20 Jul 2010
A 32 kW combination of six industrial sources is preferable to deployment of a chemical laser, says Raytheon.
Directed energy weapons should be based on combinations of high-power fiber lasers, and not chemical lasers.
That’s according to Mike Booen, the VP of advanced security and directed energy systems at Raytheon’s Missile Systems unit.
Booen was in attendance at the Farnborough Air Show in the UK, at which Raytheon wowed the world’s media by disclosing details of a directed energy weapon, or “laser gun”. The weapon, which relies on solid-state emitters and six fiber lasers combining to produce a 32 kW beam, was used to shoot down four unmanned aerial vehicles (UAVs) in a test run earlier this year.
While the “wow” factor of any destructive, Bond-villain style laser makes for undeniably good copy, one of the key decisions revolves around which laser medium is best to generate the awesome output powers required to shoot down drones and, in the future, much larger targets.
Raytheon has clearly nailed its allegiance to the solid-state approach, even though chemical sources, such as the chemical oxygen iodine laser (COIL), have traditionally offered more power. “Our customers don’t want chemical lasers,” emphasized Booen. “They are hard to get to the front, and place nasty environmental constraints on everybody.”
Because such high output powers are required, a huge number of solid-state emitters are needed to achieve the destructive power seen in the impressive Raytheon video. Raytheon has achieved this by combining six high-power fiber lasers.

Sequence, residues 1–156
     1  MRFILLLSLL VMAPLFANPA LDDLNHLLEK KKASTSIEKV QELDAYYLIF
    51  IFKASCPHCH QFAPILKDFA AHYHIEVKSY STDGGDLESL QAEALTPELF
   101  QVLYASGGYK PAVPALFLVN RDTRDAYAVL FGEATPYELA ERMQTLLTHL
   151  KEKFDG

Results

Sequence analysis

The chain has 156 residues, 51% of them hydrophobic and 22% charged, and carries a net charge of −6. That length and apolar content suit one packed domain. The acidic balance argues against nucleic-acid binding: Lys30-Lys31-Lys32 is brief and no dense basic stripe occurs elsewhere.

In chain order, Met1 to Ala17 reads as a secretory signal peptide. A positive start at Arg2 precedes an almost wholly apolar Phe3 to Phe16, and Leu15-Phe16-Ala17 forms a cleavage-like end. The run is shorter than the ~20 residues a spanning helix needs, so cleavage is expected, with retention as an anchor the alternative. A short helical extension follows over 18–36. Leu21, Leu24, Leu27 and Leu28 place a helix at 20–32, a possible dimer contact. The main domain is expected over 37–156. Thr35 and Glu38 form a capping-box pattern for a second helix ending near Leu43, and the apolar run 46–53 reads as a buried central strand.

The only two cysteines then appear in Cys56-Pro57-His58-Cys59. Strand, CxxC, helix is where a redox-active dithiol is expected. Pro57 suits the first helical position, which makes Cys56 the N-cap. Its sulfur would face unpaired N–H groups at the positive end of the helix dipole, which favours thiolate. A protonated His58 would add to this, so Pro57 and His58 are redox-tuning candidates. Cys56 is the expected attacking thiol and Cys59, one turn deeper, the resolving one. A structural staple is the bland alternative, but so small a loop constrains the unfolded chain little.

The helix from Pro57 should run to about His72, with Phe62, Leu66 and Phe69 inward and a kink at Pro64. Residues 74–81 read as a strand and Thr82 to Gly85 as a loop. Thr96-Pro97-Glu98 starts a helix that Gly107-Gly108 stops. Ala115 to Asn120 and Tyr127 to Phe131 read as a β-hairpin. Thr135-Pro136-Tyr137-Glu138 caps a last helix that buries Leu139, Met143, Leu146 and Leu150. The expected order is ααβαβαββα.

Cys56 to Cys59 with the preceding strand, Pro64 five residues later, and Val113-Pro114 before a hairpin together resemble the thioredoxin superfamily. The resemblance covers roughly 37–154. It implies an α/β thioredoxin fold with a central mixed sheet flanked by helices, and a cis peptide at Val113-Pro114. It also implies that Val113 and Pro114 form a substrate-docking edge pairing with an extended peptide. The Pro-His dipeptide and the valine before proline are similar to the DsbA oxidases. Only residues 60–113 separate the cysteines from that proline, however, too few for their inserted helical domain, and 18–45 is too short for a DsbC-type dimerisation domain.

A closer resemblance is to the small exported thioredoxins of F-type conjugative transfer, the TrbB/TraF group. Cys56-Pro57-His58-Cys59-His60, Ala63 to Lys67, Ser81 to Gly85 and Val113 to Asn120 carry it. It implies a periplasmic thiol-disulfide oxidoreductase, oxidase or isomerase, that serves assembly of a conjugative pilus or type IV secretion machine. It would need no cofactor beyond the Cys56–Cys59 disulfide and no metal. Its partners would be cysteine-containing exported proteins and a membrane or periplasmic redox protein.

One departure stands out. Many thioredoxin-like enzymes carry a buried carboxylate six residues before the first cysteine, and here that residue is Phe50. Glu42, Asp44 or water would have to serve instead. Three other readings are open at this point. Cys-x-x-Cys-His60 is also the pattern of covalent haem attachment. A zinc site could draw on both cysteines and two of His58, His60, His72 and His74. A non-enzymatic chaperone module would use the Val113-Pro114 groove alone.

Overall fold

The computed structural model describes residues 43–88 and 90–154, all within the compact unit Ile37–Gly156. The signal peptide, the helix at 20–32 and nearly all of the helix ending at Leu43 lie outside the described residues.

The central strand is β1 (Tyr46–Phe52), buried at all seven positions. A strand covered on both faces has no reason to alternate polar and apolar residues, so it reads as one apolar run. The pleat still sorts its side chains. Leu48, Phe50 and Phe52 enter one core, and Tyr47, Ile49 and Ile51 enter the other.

The development of that source has been a key focus of projects such as the Robust Electric Laser Initiative (RELI), which is led by the US Army, and DARPA’s Revolution in Fiber Lasers (RIFL) effort. Under the RIFL project, Northrop Grumman has been working with ytterbium-doped fiber because of the material’s very low quantum defect of these amplifiers, which are pumped by 976 nm diode emitters supplied by Fraunhofer USA.
The US military now appears to be solidly behind the development of directed-energy weapons based on solid-state emitters. In late June, Raytheon and fellow US defense contractor Lockheed-Martin were awarded a combined $23.8 million by the US Army under RELI, shortly after DARPA handed Northrop Grumman a $4.6 million extension under RIFL.
One of the key challenges remains dealing with the heat dissipation of a multi-kilowatt laser source. And despite the huge improvements to diode laser efficiencies in recent years, a 100 kW weapon operating at a 30 percent wallplug efficiency (the target under the DARPA RIFL project) would still dissipate upwards of 200 kW, presenting some challenging thermal management problems, to say the least.
Another critical challenge is how to combine beams from multiple fiber sources without losing beam quality, and this is a key focus for Northrop Grumman. The company has developed a proprietary beam-combining technique, based on a two-dimensional diffractive optical element.
Raytheon’s laser-gun demonstration - the most graphic implementation of directed-energy weapons technology yet seen, and a sure-fire hit in the age of YouTube – is just the start of a ramp up in power towards 100 kW. At that power level, the laser will be able to destroy far more than a simple unmanned drone.
At the same time, ways to overcome attenuation in poor weather conditions, and reflective materials designed to repel the incoming beam, will also need to be found.
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